Oil leaps over $80 a barrel on global gas crisis
…Nigeria’s petrol subsidy hits N905.27bn
Oil prices climbed, Tuesday, to the highest level in three years on mounting expectations that the global natural gas crisis will spill over into other commodities at the same time as global economic recovery boosts demand.
Brent, the international benchmark for Nigeria’s crude oil, rose for six straight days, adding 1.4 percent to $81.17 a barrel, reaching its highest since October 2018. It surged 1.8percent on Monday.
The United States West Texas Intermediate (WTI) crude futures climbed 41 cents, or 0.5percent, to $75.86 a barrel, hitting its highest since July. It jumped 2percent the previous day.
The strong rally comes as international businesses and consumers increase their usage of everything from petrol to aeroplane fuel at a time when governments are lifting social curbs imposed to slow the spread of coronavirus.
Goldman Sachs, one of the most influential banks in commodity markets, said it expected the rally to continue and forecast Brent to hit $90 a barrel by the end of the year, up from a previous estimate of $80.
“The current global oil supply-demand deficit is larger than we expected,” it said, adding that demand had recovered “even faster” from the impact of the Delta coronavirus variant than anticipated and that global supply remained constrained.
The oil price increase comes amid a wider rally in energy markets, particularly in gas, which has hit record prices in recent weeks driven by under-investment in production, high demand and competition for supply between Europe and China.
The impact of the gas crunch has been felt across several industries and is expected to lead to a rise in oil-fired power generation in some countries if gas prices remain high.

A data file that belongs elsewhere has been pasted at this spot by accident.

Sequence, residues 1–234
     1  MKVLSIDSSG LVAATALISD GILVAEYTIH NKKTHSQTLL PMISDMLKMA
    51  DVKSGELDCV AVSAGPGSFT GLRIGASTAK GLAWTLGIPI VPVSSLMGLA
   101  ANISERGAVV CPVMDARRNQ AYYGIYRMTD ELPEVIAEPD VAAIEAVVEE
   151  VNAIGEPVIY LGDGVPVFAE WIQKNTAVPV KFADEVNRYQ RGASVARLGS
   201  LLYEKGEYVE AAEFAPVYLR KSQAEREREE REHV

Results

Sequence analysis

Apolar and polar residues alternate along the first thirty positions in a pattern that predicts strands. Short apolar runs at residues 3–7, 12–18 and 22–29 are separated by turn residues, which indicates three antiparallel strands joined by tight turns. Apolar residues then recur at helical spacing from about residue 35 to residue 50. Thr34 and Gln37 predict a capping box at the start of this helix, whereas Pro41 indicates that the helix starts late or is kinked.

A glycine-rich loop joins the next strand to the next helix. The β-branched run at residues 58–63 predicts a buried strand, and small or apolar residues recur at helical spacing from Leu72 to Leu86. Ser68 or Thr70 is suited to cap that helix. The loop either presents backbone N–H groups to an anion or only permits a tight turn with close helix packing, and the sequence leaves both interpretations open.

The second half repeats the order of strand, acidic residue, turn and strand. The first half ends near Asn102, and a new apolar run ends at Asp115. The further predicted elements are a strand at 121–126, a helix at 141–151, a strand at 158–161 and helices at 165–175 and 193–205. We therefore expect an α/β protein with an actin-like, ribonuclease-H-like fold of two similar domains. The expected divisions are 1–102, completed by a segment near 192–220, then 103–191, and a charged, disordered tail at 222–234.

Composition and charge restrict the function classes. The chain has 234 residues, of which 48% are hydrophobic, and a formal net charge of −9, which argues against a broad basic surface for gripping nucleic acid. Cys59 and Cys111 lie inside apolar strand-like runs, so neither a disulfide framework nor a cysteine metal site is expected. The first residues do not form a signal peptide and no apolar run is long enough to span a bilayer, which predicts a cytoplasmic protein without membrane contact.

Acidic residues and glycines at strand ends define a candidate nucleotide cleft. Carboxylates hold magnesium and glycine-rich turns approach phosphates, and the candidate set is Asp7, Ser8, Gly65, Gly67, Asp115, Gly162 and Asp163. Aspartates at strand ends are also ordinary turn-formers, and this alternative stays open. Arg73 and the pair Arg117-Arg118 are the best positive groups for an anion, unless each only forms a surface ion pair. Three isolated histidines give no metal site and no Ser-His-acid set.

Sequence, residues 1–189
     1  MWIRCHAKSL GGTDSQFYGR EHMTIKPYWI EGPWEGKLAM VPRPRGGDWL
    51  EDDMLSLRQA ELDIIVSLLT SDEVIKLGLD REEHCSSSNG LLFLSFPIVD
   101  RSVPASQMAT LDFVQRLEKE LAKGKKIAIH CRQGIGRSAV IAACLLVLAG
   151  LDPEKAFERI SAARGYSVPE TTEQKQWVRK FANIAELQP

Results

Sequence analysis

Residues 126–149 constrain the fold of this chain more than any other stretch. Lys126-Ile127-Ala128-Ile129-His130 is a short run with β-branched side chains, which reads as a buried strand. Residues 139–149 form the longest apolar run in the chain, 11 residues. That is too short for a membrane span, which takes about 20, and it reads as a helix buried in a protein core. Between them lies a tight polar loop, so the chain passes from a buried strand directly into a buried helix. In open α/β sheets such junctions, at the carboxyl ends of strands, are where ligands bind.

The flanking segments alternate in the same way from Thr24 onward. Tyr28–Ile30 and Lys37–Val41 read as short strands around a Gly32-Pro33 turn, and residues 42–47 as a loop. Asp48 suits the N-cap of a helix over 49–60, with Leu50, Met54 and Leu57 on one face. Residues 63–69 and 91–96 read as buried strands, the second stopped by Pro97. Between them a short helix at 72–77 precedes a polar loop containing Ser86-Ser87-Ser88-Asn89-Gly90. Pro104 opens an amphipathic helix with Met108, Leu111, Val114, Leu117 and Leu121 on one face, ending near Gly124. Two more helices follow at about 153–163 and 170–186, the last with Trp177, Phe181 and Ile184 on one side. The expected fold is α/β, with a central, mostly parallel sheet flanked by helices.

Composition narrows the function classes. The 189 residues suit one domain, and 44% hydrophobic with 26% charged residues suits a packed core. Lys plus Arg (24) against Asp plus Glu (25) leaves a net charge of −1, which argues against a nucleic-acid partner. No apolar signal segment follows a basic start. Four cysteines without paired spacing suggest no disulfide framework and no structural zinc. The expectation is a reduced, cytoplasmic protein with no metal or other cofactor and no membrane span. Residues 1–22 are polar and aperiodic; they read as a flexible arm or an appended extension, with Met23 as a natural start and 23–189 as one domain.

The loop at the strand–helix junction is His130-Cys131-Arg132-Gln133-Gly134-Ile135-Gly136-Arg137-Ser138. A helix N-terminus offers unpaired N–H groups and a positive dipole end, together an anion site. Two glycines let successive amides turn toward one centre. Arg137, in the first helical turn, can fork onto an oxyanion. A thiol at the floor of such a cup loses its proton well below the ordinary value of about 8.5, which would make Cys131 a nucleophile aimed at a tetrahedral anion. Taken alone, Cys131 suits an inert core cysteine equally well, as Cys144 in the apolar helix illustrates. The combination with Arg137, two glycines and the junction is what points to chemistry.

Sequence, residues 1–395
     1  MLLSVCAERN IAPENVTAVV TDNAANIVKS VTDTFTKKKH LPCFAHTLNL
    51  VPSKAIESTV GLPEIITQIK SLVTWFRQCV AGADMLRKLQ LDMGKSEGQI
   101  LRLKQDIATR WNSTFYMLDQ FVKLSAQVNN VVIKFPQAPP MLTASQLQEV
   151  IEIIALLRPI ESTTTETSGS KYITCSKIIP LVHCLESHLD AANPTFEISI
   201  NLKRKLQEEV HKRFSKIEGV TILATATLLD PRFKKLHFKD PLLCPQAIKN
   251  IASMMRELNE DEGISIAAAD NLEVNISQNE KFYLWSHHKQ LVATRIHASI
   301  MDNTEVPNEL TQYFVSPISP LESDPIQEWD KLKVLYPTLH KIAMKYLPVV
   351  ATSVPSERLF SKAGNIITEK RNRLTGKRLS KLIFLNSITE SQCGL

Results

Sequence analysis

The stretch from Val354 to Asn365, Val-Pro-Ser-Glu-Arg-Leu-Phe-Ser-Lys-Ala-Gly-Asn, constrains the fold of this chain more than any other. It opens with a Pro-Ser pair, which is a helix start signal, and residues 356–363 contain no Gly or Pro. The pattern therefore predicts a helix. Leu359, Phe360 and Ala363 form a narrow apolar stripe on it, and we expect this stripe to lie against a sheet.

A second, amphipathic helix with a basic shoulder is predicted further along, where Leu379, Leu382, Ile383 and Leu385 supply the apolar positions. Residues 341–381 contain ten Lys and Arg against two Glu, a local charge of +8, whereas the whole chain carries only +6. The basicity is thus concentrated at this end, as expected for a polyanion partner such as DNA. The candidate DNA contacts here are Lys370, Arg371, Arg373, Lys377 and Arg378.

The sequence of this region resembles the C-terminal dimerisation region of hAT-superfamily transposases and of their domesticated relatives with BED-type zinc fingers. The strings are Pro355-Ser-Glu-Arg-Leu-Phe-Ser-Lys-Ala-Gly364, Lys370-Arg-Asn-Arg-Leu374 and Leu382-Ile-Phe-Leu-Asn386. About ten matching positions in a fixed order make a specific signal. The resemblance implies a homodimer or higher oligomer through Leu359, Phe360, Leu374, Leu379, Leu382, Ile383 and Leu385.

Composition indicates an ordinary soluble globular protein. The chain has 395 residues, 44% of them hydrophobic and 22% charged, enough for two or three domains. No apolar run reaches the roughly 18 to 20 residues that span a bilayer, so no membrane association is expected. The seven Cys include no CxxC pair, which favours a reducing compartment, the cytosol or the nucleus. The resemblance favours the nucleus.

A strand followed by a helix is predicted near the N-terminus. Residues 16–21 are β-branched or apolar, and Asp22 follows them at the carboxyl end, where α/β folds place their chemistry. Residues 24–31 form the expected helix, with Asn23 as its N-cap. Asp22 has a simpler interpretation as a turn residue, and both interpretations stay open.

“The tightness in broader energy markets continues to be constructive for oil,” said Warren Patterson, head of commodities at ING, adding that it would lead to “gas to oil switching” in the power business.
Although the rising price of crude oil raised Nigeria’s hope of effectively funding its 2021 budget, it also means further petrol subsidy burden on the financial books of the Nigerian National Petroleum Corporation (NNPC).
In presentations to Federation Account and Allocation Committee (FAAC) meetings seen by BusinessDay, NNPC deducted N608.8 billion from remittance to the Federation Account in the first half of 2021.
This development means more struggles for Nigeria’s finances most especially the ability of the three tiers of government to meet their various constitutional obligations.
Data from the Nigerian National Petroleum Corporation (NNPC) showed Nigeria incurred N25.37bn subsidy cost in January, N60.40bn in February, N111.97bn in March, and N126.30bn in April and N114.34bn in May.
The subsidy cost rose from N143.29bn in June to N175.32bn in July but fell to N149.28bn in August, according to the NNPC.
“It’s a wrong application of whatever little money we have, the government should be bold enough to get out of this mess and allow deregulation to take its course,” Joe Nwakwue, former chairman of the Society of Petroleum Engineers (SPE), told BusinessDay.